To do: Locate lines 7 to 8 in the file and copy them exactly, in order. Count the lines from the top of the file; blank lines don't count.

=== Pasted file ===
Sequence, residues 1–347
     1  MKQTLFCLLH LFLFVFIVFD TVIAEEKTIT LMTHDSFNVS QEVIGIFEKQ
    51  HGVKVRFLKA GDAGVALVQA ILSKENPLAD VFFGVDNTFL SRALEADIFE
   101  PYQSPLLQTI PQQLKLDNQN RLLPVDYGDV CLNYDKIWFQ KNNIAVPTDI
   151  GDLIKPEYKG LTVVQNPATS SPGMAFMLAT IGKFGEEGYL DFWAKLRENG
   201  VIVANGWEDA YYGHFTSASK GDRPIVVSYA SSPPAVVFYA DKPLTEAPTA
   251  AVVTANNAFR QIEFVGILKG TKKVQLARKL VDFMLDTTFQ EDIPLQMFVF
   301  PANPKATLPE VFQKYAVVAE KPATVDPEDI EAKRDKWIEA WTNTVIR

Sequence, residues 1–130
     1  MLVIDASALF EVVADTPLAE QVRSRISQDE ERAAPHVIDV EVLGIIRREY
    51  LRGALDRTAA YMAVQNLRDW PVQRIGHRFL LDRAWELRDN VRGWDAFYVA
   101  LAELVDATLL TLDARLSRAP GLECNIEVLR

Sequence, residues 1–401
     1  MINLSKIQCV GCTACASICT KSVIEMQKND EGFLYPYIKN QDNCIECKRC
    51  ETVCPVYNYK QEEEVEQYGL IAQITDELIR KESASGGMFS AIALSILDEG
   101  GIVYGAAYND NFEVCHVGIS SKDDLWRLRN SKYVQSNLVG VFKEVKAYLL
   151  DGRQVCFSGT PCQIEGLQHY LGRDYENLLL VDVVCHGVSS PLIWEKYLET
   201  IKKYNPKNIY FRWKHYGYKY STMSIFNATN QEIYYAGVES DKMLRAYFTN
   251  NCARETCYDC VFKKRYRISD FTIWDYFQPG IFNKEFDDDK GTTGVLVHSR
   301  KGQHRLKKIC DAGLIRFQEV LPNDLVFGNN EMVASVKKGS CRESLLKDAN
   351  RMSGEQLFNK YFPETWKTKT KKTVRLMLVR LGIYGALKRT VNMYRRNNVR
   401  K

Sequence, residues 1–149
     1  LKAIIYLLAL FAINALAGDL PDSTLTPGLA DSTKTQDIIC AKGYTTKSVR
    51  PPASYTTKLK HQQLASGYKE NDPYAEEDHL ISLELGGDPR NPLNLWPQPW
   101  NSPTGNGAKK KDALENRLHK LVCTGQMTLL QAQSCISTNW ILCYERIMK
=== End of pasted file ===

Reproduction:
   251  AVVTANNAFR QIEFVGILKG TKKVQLARKL VDFMLDTTFQ EDIPLQMFVF
   301  PANPKATLPE VFQKYAVVAE KPATVDPEDI EAKRDKWIEA WTNTVIR